When two Palestinian academics failed to reach a ground-breaking conference in London on the psychological effects of the Middle East conflict, Israel — for once — was not to blame.
Furious organisers of the conference at Birkbeck College, Sites of Conflict: Psycho-political Resistance in Palestine-Israel, held British consular officials in Jerusalem and Amman responsible for delays spanning six weeks which left the two unable to travel.
A third academic secured his visa on the eve of the conference, held last Thursday and Friday and attended by 120 academics from Britain, Europe, Israel and Palestine.
Organiser Lynne Segal said: “I wrote three letters on behalf of Dr Samah Jabr, who applied for her visa about six weeks before the conference. British officials kept asking who was paying for their flights and accommodation. But they would not give us an answer about why they wouldn’t issue a visa.”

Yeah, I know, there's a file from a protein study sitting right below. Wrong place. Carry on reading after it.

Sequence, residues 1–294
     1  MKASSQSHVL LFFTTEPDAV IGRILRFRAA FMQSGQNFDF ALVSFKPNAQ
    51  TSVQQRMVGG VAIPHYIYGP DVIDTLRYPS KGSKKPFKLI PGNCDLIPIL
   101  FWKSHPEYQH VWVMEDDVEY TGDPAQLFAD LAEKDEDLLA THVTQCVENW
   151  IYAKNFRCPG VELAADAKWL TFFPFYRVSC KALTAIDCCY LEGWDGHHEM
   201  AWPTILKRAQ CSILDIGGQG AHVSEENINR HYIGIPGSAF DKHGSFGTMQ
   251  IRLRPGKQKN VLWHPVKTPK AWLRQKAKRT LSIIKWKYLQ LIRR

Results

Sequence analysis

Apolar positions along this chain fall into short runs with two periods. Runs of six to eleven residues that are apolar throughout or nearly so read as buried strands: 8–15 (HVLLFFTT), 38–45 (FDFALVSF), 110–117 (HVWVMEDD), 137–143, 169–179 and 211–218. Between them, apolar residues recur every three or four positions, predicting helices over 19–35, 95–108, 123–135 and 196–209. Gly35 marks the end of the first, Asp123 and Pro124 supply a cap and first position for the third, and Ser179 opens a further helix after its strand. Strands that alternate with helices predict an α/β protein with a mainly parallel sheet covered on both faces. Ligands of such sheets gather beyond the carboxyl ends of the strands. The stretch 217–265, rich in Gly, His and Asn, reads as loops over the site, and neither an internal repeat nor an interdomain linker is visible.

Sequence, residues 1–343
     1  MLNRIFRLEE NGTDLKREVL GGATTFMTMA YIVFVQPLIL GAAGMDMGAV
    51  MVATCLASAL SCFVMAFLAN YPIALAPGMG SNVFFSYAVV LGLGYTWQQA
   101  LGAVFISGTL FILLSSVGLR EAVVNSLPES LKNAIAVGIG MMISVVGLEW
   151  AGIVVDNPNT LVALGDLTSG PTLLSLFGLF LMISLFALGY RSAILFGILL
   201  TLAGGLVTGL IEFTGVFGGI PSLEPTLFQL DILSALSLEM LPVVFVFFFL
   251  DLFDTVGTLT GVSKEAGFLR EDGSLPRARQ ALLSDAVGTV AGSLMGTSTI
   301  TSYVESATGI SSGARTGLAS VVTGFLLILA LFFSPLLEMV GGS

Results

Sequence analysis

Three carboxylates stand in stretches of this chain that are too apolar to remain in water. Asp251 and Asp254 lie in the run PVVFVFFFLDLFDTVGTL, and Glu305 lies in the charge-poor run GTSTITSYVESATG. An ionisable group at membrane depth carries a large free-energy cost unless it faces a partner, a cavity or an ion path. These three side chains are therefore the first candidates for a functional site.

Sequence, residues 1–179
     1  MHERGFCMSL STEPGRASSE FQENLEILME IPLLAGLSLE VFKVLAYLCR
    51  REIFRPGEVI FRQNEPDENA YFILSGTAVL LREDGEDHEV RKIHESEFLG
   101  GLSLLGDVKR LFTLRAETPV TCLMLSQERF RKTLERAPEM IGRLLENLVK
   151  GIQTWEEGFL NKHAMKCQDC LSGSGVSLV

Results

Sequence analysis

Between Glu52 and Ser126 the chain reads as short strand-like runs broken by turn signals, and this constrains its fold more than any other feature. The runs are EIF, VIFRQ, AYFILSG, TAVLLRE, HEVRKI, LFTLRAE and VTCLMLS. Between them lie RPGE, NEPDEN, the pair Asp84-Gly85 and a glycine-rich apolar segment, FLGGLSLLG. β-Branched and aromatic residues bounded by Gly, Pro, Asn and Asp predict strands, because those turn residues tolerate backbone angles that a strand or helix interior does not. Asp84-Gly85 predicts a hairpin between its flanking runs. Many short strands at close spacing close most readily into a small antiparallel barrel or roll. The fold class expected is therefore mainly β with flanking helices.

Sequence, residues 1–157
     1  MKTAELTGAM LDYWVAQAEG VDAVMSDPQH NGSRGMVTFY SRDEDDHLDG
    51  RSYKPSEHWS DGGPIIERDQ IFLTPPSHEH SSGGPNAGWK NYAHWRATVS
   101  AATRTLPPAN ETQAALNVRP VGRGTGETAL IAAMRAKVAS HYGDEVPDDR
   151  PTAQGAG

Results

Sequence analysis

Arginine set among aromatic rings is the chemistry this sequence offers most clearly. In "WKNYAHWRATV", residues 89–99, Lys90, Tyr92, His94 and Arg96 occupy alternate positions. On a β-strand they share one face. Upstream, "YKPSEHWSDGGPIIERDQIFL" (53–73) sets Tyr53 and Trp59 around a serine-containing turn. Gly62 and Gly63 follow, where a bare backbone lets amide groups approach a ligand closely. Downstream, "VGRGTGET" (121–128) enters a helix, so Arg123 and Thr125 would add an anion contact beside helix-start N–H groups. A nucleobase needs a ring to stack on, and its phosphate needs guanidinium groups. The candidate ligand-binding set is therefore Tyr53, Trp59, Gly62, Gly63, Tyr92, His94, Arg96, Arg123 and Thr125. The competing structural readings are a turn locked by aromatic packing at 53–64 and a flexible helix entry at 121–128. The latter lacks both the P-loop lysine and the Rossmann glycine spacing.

Rateb abu Rahmeh, who teaches in the Department of Social Work at Al Quds Open University, travelled to Amman to try to speed up the process but to no avail, said Ms Segal. “Another colleague, Basam abu-Omar, gave up trying to get a visa when he saw what happened to the other two,” she said.
“We just could not understand what was going on. It was very distressing and spoiled some of the panels. Other Palestinians travel here without any problems at all yet these officials seem to have put up all sorts of obstacles.”
Barbara Woodward, UK Borders Agency’s international director, said: “We are looking in to the cases raised by the JC. The UK Border Agency’s aim is to facilitate legitimate trade and travel — while preventing entry to the UK from those who do not meet our entry criteria.
“We support cultural and political exchanges and every year work closely with organisers of events in the UK to help ensure that international participants are clear about the UK’s visa application process.”